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Adventures in Letterpress Printing

Robert Lomascolo and sonnet 117


If you want to understand the amazing work that Robert LoMascolo does at his one-man letterpress studio in Aurora, New York, there is one story that perfectly encapsulates his work: the printing of Sonnet 117.

In 2016, the Bodleian Library at the University of Oxford held a series of events to commemorate the 400th anniversary of Shakespeare’s death. Printers from around the world were invited to contribute their own hand-printed interpretations of one of Shakespeare’s sonnets. Rob LoMascolo had been working independently as a printer since 2010, and decided to tackle a print of Shakespeare’s Sonnet 117. When it was completed, the project would exemplify a number of Rob’s distinctive skills as a printmaker.

In order to understand how the project came together, you first have to know about the press—a whole story in its own right.

A man in a letterpress studio in Aurora, New York.

Chapter 1: The Press

Rob’s print of Sonnet 117 was done on a Vandercook Universal 4—a very rare letterpress machine, one of only four known to exist. The Vandercook was Rob’s third press: when it appeared in 2011, he’d been operating his printing business out of his family’s garage for about a year, gradually building up a collection of presses to handle a variety of jobs.

The Vandercook Universal 4 originally debuted in 1958. At that time, with no digital technology available, the Vandercook was designed as a reproduction proof press, bridging the transition from letterpress to offset lithography for commercial printing. With this machine, one copy was printed from metal type, and then photographed; copies were made from the photograph using other methods. In order to produce prints that are finely-detailed enough to be photographed and enlarged, the Vandercook was built to be an ultra-precise machine. And it’s about the size of a small car.

As you might imagine, collecting vintage or antique letterpress printing machines is a unique pursuit. There’s a close-knit community of letterpress aficionados in the United States, and the advent of the Internet has allowed for the careful cataloging of working machines. Some are kept in private collections; some are displayed in museums; some are housed in public institutions, like the Book Arts Center at Wells College.

Rob first heard about this particular Vandercook through the letterpress grapevine. A Massachusetts printer was getting out of the letterpress business, moving to digital printing, and looking to sell off his equipment—including the Vandercook. As in all of his work, Rob was diligent and persistent in pursuing the purchase: gradually getting to know the seller, contacting him at least once a month to express his interest. After a full year of back-and-forth, Rob had developed a good relationship with the seller. But at the last moment, the printer from Massachusetts decided to sell the Vandercook to a friend for $20,000.

When buying presses, Rob has a rule of thumb for valuing the equipment: “If it costs a dollar per pound, it’s a good price.” The Vandercook weighs in at about 3,000 pounds. According to Rob’s rule, at upwards of $6 per pound, $20,000 would be a premium price—more than he was prepared to spend.

However! Somehow, miraculously, there was a second press that had escaped notice. The printer from Massachusetts told Rob that he owned another Vandercook like the one he had just sold. It had been completely disassembled, stored in a basement, and generally neglected. The seller had no idea if the entire press was still there. Or if it would still work. But if Rob wanted to buy it, he’d sell it for $2,500. Less than a dollar per pound for one of the rarest machines in the business. If the pieces were all there—if Rob could get it working again—he’d be digging up buried treasure.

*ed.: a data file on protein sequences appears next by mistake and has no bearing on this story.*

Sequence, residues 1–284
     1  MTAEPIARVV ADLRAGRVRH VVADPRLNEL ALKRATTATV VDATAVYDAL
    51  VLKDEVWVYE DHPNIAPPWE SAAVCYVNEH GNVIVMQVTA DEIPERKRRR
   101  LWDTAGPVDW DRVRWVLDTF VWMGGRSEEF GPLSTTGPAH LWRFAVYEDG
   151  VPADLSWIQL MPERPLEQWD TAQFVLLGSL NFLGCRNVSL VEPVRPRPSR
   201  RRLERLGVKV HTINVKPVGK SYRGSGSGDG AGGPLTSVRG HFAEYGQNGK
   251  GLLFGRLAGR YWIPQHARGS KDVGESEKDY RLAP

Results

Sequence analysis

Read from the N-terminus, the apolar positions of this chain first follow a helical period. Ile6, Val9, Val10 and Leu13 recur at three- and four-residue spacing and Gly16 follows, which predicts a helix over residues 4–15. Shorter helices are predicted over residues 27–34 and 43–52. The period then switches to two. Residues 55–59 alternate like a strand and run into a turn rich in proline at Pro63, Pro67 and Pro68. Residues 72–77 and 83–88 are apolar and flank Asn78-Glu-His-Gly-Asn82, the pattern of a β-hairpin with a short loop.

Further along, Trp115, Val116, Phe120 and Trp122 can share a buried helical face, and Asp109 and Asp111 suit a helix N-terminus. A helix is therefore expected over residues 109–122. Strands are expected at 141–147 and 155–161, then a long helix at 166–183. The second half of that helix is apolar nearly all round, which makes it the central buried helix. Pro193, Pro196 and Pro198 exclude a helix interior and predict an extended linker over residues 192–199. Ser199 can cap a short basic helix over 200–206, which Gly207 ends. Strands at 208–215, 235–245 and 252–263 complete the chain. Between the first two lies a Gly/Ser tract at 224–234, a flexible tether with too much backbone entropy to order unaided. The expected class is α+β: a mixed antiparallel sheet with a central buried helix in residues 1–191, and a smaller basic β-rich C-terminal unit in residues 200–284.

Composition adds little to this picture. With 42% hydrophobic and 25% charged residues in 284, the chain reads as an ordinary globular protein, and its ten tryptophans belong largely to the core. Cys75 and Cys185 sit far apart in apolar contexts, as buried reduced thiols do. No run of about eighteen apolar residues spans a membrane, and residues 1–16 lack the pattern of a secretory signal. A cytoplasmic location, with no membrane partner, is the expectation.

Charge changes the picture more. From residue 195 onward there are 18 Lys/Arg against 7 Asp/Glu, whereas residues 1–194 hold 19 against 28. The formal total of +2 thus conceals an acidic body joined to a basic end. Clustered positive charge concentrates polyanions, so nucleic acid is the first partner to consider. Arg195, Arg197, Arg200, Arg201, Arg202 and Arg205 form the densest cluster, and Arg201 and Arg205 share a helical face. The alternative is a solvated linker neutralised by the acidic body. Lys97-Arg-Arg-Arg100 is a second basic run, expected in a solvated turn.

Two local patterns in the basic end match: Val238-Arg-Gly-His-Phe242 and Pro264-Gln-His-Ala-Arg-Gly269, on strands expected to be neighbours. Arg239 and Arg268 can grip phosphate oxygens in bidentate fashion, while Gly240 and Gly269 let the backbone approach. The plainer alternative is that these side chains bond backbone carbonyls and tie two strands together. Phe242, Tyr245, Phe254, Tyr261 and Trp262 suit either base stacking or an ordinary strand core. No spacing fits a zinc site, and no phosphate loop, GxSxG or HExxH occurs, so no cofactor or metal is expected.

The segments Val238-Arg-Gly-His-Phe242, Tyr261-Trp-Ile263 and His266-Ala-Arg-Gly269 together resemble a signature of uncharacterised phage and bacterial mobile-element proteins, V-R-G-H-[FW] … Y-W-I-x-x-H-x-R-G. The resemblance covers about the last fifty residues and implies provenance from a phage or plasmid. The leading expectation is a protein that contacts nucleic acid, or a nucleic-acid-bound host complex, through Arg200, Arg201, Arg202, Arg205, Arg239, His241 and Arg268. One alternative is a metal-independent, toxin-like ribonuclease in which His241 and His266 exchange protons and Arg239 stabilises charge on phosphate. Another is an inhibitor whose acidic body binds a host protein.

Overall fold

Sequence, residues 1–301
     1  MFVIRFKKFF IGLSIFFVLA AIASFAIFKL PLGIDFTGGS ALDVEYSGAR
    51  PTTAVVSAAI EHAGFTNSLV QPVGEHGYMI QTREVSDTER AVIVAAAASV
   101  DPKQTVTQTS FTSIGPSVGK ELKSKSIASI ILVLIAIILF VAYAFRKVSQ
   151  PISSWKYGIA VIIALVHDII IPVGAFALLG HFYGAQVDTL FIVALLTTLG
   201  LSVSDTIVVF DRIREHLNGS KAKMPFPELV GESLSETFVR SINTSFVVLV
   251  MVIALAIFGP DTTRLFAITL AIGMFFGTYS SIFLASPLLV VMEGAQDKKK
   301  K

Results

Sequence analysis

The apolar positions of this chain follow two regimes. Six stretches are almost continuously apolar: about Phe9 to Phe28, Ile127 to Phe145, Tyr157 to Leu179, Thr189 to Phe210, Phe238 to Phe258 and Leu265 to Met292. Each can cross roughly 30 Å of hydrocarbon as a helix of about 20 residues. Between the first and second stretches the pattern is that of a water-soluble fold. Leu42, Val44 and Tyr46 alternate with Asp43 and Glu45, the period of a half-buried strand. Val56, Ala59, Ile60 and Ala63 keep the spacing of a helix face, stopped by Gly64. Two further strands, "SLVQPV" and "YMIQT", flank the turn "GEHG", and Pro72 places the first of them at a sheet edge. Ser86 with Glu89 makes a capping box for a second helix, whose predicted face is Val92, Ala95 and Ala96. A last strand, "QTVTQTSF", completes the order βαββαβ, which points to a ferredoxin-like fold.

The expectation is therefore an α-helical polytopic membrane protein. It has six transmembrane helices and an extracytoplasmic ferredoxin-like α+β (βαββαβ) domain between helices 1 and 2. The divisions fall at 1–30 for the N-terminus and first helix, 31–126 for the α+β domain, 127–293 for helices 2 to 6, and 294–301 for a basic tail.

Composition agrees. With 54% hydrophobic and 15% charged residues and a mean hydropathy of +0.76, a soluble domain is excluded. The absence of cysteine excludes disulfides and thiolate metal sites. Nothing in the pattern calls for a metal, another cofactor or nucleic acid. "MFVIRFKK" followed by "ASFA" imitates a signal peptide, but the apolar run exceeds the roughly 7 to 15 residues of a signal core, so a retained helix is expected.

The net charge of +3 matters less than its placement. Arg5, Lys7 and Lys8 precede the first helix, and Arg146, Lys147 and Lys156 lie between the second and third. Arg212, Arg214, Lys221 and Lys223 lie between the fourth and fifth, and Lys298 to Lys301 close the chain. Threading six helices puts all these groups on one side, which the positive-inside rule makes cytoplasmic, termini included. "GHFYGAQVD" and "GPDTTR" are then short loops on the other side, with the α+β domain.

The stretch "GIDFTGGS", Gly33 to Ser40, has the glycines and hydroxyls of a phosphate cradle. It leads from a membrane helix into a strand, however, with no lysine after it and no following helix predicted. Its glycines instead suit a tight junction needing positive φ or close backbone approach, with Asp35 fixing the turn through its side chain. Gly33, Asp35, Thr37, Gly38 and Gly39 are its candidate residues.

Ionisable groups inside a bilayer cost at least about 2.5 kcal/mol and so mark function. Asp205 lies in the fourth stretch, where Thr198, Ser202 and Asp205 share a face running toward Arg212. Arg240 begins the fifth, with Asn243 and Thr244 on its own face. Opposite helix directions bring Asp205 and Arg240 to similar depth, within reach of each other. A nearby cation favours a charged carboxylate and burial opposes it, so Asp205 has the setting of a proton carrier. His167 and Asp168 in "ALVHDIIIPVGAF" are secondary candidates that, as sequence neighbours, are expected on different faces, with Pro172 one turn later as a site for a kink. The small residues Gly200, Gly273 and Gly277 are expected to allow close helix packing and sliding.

“So I got in my little Honda Civic and drove to Massachusetts the next day,” recalls Rob. “And literally every single nut, screw, and bolt was in soggy cardboard boxes. I took all the pieces I could fit into my car—and drove back so he couldn’t change his mind.”

Word got out almost immediately about Rob’s buried treasure. There weren’t many machines that had escaped notice within the community of letterpress enthusiasts; Rob had two competing offers for the press almost instantly.

“I could have made money without doing anything,” says Rob. “But I didn’t sell it.”

Finally, with the help of a specialty mover, Rob was able to get all three thousand pounds of Vandercook back to his workshop. Thanks to his patience and a stroke of great fortune, he’d gotten one of the most valuable presses on the market for a steal.

Now he had to get it working.

Chapter 2: The Restoration 

In an era of digital publishing, it can be hard for those who aren’t familiar with letterpress printing machines to imagine the labor of love that goes into their restoration and maintenance.

There isn’t much customer support left for Vandercook machines. The Vandercook family sold the company in 1968 and production of the Vandercook Universal 4 ended a year later. The company changed hands several times in the following decades. By the time Rob’s press arrived at his workshop, the distribution rights for Vandercook machines were held by a single die-hard supplier in Colorado, doing his best to scoop up parts from rapidly dwindling stocks. (A typical and telling disclaimer currently on the supplier’s website: “Some things like Kort Gauge Pins are no longer manufactured and the equipment has been disbursed. Butch Kort is 92 and it’s time for him to retire.”)

Restoring a precision piece of machinery with missing parts means either a nationwide scavenger hunt to find replacements, or sheer resourcefulness. In order to do this work—in addition to being a talented artist and a skilled craftsman—Rob also needs to be a part-time mechanical engineer.